3.2. Solar UV Irradiance at 115–400 nm in 1974–2007

[24] Figure 4 shows the reconstructed solar UV irradiance in the range 115–400 nm over the period 1974–2007 (i.e., covering cycles 21–23), normalized to the mean at each wavelengths over the complete time period. At all considered wavelengths, the irradiance changes in phase with the solar cycle, in agreement with recent results based on 4 years of SIM/SORCE measurements [Harder et al., 2009]. The variability becomes significantly stronger toward shorter wavelengths: from about 1% over the activity cycle at around 300 nm to more than 100% in the vicinity of Ly-α.

Figure 4.

Reconstructed solar UV irradiance at 115–400 nm in the period 1974–2007 normalized to the mean at each wavelength over the whole period of time.

[25] Figure 5 shows the solar UV irradiance integrated over spectral ranges of particular interest for climate studies as a function of time: 130–175 nm (Figure 5a), 175–200 nm (Figure 5b), 200–242 nm (Figure 5c), and 200–350 nm (Figure 5d). Solar radiation at 130–175 nm (Schumann-Runge continuum) is completely absorbed in the thermosphere. Over activity cycles 21–23, solar radiative flux in this spectral range varied by about 10–15% (Figure 5a), i.e., by more than a factor of 100 more than solar cycle variations in the solar total energy flux (total solar irradiance). In the oxygen Schumann-Runge bands (175–200 nm) and Herzberg continuum (200–242 nm), important for photochemical ozone production and destruction in the stratosphere and mesosphere, solar irradiance varied on average by about 5–8% (Figure 5b) and 3% (Figure 5c), respectively. In the Hartley-Huggins ozone bands between 200 and 350 nm, solar radiation is the main heat source in the stratosphere. At these wavelengths, the amplitude of the solar cycle variation is of the order of 1%, which is still an order of magnitude stronger than variations of the total solar irradiance.

Figure 5.

Reconstructed solar irradiance in the period 1974–2007 integrated over the wavelength ranges (a) 130–175 nm (Schumann-Runge continuum), (b) 175–200 nm (Schumann-Runge bands), (c) 200–242 nm (Herzberg continuum), and (d) 200–350 nm (Hartley-Huggins bands).

[26] The complete data set of the reconstructed solar irradiance at 115–400 nm over the period 1974–2007 is available as auxiliary material and at

4. Summary

[27] Krivova et al. [2006] have developed an empirical technique, which allows an extrapolation of the magnetogram-based reconstructions of solar total and spectral irradiance to shorter wavelengths, down to 115 nm. They applied this technique to obtain variations of solar UV irradiance between 1996 and 2002. We have now extended their model to both earlier and more recent times. Thus we provide a reconstruction of the solar UV irradiance spectrum between 115 and 400 nm over the period 1974–2007. This extends the available observational record by about 1.5 solar cycles, i.e., roughly doubles the available record.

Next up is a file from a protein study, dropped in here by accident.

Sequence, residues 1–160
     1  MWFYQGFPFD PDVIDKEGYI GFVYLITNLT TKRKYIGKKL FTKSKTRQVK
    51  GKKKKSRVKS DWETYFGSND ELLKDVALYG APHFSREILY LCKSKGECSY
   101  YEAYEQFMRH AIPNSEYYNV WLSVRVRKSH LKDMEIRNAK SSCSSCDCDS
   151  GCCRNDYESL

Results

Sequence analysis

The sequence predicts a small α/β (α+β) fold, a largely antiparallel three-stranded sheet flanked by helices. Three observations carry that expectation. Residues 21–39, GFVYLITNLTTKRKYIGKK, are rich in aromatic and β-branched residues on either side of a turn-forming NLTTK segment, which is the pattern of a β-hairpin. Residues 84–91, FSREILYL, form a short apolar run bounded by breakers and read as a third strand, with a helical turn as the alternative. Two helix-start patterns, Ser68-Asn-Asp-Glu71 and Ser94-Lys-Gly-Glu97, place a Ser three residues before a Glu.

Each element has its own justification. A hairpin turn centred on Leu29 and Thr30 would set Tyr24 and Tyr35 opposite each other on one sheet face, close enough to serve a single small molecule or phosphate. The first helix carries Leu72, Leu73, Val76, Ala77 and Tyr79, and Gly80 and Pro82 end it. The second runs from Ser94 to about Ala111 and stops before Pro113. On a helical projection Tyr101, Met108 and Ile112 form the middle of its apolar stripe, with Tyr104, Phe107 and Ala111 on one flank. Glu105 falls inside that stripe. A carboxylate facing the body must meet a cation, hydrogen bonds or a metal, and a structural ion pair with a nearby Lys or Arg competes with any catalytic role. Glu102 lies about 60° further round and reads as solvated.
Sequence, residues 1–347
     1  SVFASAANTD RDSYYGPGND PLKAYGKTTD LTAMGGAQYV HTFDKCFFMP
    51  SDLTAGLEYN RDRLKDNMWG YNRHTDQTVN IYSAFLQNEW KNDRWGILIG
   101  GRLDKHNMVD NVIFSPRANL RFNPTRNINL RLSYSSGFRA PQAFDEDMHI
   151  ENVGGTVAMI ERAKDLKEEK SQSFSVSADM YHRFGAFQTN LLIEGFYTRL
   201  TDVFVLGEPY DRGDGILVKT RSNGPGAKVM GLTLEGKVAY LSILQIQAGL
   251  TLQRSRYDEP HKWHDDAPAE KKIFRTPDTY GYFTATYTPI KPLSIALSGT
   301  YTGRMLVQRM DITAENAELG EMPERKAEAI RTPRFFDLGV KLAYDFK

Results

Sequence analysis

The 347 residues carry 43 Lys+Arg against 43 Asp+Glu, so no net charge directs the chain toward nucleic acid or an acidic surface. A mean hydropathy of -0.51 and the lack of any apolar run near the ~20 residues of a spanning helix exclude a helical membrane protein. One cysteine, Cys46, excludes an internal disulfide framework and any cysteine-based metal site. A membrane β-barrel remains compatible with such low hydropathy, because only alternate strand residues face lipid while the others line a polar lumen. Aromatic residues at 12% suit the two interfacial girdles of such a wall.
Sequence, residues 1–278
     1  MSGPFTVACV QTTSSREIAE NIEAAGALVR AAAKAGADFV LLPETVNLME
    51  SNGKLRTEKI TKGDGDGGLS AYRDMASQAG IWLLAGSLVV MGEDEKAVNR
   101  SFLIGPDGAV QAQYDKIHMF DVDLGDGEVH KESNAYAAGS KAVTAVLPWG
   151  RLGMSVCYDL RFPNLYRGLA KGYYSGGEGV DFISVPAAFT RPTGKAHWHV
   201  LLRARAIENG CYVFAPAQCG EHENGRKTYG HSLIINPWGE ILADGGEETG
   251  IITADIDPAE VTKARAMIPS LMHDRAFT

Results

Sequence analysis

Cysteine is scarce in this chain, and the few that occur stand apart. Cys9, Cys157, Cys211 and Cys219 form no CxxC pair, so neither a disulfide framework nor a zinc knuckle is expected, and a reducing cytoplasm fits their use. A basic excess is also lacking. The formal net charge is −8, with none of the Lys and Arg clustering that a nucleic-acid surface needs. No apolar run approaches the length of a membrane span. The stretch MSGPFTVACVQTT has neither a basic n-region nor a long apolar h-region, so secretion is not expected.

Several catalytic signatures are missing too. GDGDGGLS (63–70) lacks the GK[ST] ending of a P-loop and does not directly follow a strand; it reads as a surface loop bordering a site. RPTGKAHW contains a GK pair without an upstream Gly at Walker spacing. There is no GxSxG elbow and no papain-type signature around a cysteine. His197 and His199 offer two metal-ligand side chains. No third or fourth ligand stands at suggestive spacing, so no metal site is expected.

[28] As a test of the quality of our model, we have compared the reconstructed solar Ly-α irradiance with the completely independent composite of measurements and proxy models by Woods et al. [2000]. There is a small (about 5%) difference in the solar cycle amplitude between our model and that composite. This difference is also present between the SUSIM and SOLSTICE data, which are the reference sets for the model and the composite, respectively. Aside from that, the modeled and composite records closely agree with each other.

[29] Solar UV irradiance varies in phase with the solar cycle at all wavelengths between 115 and 400 nm, in agreement with the recent finding of Harder et al. [2009] based on SIM/SORCE measurements over 2004–2007. The relative amplitude of the variations grows with decreasing wavelength. In the wavelength regions important for studies of the Earth's climate (e.g., Ly-α and oxygen absorption continuum and bands between 130 and 350 nm), the relative variation is 1–2 orders of magnitude stronger than in the visible or if integrated over all wavelengths (i.e., TSI).

[30] SATIRE-based reconstructed UV irradiance in the spectral range 115–400 nm between 1 January 1974 and 31 December 2007 is available as auxiliary material and at


[31] We thank L. Floyd for providing SUSIM data and valuable comments and V. Holzwarth for helpful discussions. The composite Lyman α time series was retrieved from the LASP ftp server ( This work was supported by the Deutsche Forschungsgemeinschaft, DFG project SO 711/2 and by the WCU grant R31-10016 funded by the Korean Ministry of Education, Science and Technology. We also thank the International Space Science Institute (Bern) for giving us the opportunity to discuss this work with the great international team on “Interpretation and modeling of SSI measurements.”